Tuesday, 09 August 2011

Newcastle: Historic mountain

Mountains outside Newcastle, KwaZulu-Natal

In the 1800s this mountain, just outside Newcastle towards the west of the town, was the main route to the Free State -- Bloemfontein -- to be specific. This area in northern KwaZulu Natal was also the scene of clashes between Boers and the British when the latter was in the process to colonise the whole of South Africa.
Newcastle was a connector town -- some 200 km towards the North in the Amajuba mountains that during the so-called First Anglo War was the scene of heavy battles between the Boers and British -- the British lost this round but a few years later they were back -- learned more about the South African environment and adapated their tactics to face their biggest foe: the Boers.

By 1899 the Anglo Boer War broke out between the Boers and the British. It lasted until 1902 when the Boers were defeated. A well-equipped British army and other tacticts such as a scorched earth policy left the Boers with few alternatives. Above all, their spirit was broken when the British took captured Boer women and children and placed in concentration camps. This left a bitter rift between the Boers and the British -- something the Union government that was formed in 1910 under the leadership of Genl Louis Botha tried to mend. In years to come, well into the 20th century, Afrikaners and English citizens lived parallel lives. In recent years, the role of Black people in the Anglo Boer War has been researched in more detail. Tribute has been given to Black people after some of their efforts to help captured Boer women and children have come to light.

Somehow staring at the mountains in and around Newcastle is like looking back into time -- thinking of all the people, their families and loved ones that all played their parts as characters in the play called "History"... alas, these people are but footnotes in the story of time to which mountains like these bare silent testimony and act as an archive to the agony of those who played their part without hesitation. One such man was of course Ghandi who embarked on a campaign of passive resistance against the racial policies of the Transvaal Boer Republic. He surely did not hesitate to set out to change that was wrong. In years to come the country once again became a focus point -- like it was during the Anglo-Boer War -- when Nelson Mandela was released from prison and along similar lines as Ghandi preached nationbuilding and unity.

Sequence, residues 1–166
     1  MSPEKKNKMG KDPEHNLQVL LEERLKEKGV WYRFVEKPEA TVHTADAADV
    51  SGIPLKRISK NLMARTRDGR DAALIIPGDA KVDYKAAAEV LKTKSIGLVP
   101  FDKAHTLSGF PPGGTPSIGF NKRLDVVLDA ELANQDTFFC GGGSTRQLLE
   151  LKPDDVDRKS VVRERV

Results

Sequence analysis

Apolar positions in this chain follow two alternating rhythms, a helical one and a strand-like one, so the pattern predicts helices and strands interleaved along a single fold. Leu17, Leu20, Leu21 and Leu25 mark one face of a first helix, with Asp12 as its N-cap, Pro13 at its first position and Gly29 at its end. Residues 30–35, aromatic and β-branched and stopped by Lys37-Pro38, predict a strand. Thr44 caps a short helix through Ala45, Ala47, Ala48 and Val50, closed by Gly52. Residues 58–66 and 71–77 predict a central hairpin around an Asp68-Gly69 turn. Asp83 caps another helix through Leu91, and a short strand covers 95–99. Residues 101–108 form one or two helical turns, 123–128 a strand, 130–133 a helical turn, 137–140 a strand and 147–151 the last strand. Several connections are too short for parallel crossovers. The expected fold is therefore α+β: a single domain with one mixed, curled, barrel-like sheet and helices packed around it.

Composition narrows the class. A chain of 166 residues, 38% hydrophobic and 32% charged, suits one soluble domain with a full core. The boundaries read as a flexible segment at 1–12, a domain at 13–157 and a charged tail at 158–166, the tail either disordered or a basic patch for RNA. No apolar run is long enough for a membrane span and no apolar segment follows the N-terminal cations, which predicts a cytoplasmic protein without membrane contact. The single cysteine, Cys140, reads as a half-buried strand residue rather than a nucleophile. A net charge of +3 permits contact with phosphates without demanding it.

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The Old Johannesburg Stock Exchange and surroundings

What an awe-inspiring building this is, enriching the Johannesburg skyline... Alas, the Johannesburg Stock Exchange that use to operate from this location in 17 Diagonal Street, Newtown moved to Gwen ln, Sandton.

The Newtown area in and around where the old JSE use to be has been earmarked for further development. One of the the developments that has been completed is the Nelson Mandela bridge. The rest of the developments seems to be on ice. But will it become a reality or remain drawings? Im not sure at this point.

The Nelson Mandela bridge connects downtown Johannesburg with Braamfontein where another landmark is situated, the University of the Witwatersrand. This bridge eases congestion between the Johannesburg CBD and the suburbs to its north that get connected via Braamfontein. However, its the symbolism of naming the bridge after the country's most iconic bridge builder, Nelson Mandela, that captures one's imagination.

The old Tramshed building borders the Nelson Mandela bridge. Currently it serves as a spot where would-be drivers come to take driving lessons.

Read more about the Newtown precinct.